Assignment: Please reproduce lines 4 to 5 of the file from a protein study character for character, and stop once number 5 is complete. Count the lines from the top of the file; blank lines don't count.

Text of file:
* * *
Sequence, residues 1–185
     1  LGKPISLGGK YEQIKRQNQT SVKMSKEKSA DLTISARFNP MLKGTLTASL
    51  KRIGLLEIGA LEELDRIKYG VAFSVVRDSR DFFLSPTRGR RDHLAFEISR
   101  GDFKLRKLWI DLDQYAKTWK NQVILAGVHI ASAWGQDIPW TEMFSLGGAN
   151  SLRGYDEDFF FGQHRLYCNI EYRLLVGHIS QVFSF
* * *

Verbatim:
   101  GDFKLRKLWI DLDQYAKTWK NQVILAGVHI ASAWGQDIPW TEMFSLGGAN
   151  SLRGYDEDFF FGQHRLYCNI EYRLLVGHIS QVFSF